Saturday 9th April

Wow, what a view! Bright blue sky, sun shining and snow on the peaks around us. It didn’t take long for us to decide we would stay put for another night rather than heading over to Coniston as planned. However, with the muddy porch issue walking was off the agenda for the morning as we needed to go and find ourselves a groundsheet so headed back over to Ambleside to traipse around the camping shops where we picked up a cheap groundsheet that would do until we ordered the footprint for the tent, and a lightweight frying pan to match the MSR cookset we have. Was really pleased to find this and think it will prove a useful addition on the hikes we have coming up later in the year. In hindsight we probably would have been better heading north to Cockermouth or Keswick as it might have meant less driving since Wasdale is not ideally situated for getting anywhere by road. It all took a lot longer than planned so we cut our losses, had lunch at a café then headed to Drigg to wander along the beach collecting shells and a lovely piece of driftwood. Views across to the Isle of Man, there was not another soul in sight. We also lucked out at the level crossing where we wondered what was going on with so many people waiting on the end of the platform until a steam train came through, suitably kitted out in that beautiful old fashioned way with lamps on the tables, very nostalgic. So back to the campsite and another night of rain, but luckily not the same muddy issues of the previous night, instead I stood staring at the sky, it never ceases to amaze me when you see the sky filled with stars, something you just don’t get to appreciate in the light polluted towns and villages.

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Not a bad view to wake up to! The National Trust Campsite at Wasdale

 

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The view driving over Birker Fell

 

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The deserted beach at Drigg

 

Sunday 10th April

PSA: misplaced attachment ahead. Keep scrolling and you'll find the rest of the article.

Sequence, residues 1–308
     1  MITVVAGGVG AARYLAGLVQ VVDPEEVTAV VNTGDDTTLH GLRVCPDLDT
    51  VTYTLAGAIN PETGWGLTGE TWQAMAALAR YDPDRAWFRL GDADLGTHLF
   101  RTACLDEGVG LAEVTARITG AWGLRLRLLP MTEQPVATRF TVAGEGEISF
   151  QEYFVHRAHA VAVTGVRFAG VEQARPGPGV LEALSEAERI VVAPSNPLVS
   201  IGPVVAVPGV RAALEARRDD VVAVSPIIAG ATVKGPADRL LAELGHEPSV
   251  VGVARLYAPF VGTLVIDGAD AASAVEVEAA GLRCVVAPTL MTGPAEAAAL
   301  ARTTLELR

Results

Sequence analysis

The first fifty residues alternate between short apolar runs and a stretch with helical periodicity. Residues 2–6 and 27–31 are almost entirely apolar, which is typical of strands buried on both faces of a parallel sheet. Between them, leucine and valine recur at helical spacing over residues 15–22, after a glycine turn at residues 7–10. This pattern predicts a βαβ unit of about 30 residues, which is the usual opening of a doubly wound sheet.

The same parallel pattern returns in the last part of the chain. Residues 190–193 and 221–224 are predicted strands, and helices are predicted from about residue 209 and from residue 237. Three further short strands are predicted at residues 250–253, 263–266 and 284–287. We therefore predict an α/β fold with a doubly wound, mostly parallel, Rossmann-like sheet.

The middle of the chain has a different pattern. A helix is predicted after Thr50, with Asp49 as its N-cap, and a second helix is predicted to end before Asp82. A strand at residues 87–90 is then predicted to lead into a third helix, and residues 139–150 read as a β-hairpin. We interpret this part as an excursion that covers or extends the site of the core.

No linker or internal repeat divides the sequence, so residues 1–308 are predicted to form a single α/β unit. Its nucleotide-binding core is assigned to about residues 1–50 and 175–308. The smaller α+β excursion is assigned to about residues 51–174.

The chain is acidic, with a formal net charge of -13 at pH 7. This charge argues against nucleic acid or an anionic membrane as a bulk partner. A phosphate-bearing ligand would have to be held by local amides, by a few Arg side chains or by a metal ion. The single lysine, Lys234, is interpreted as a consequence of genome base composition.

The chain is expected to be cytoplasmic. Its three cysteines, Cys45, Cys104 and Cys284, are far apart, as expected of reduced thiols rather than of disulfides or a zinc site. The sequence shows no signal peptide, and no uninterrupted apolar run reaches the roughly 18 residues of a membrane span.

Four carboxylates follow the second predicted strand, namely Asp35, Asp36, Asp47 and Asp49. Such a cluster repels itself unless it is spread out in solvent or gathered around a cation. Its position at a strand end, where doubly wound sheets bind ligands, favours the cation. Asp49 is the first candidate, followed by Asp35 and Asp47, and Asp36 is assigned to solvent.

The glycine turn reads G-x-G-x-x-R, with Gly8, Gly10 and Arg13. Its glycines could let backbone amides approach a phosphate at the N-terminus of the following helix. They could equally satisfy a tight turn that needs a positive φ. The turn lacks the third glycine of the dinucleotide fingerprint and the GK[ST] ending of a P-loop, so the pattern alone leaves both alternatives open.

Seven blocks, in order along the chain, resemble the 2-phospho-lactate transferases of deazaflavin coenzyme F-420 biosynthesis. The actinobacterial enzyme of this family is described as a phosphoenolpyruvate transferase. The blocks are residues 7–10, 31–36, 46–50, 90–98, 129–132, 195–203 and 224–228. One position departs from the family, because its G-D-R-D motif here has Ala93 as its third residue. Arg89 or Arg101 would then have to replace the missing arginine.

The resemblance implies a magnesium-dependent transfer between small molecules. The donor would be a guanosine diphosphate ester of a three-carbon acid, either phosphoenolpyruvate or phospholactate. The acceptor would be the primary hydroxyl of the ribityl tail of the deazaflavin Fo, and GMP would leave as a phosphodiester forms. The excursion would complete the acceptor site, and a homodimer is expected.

With our change of plans we had mapped out a route to bag a few of the other Wainwrights near Wasdale, taking in Middle Fell, Seatallan and Buckbarrow. Time to test out the new frying pan and fill up with bacon butties for breakfast, yum! We were glad of a hot breakfast given how cold it had been at night; we had woken to ice on the outside of the tent and a fresh dusting of snow on the surrounding peaks. It wasn’t an early start by the time we packed everything away and headed over to park up by Greendale. It’s a long uphill to the top of Middle Fell, not steep or difficult but relentless, and just when you think you’re nearly there another peak appears beyond. We played cat and mouse with another couple most of the way up, at one point stopping to chat we were saying there looked to be a long descent and ascent over to Seatallan, the gentleman kindly read a quote from the guide he had about how tiresome the route was, not a good’un! Oh well! The views from the top of Middle Fell are spectacular over Wastwater towards the Scafells and Great Gable, definitely worth the climb. As we made our descent on the walk over to Seatallan we stopped to chat to another couple who were looking to bag the same Wainwrights as us that day. We were debating over the best route, watching three people ascend the steep but more direct path we decided we would take the longer more gentle route, and left them deliberating. It was a long trek through boggy ground before we eventually reached the col between Seatallan and Haycock where we turned up towards the summit, the final ascent was not what you call gentle but less steep than the more direct route. When we got to the top, there were the couple we had chatted to, they had beaten us by taking the other route to avoid the boggy ground, although it did sound a rather lung-busting ascent. The difficult bit was definitely over as we took the path to Buckbarrow and the final peak of today’s walk. It’s a funny peak because there is the higher Glade How with its much larger cairn just before you reach Buckbarrow, however it does afford good views towards the coast, Sellafield prominent on the landscape and the contours of the Isle of Man beyond. With three peaks completed it was a nice walk following Gill Beck back to the road and along to Greendale before the long drive home.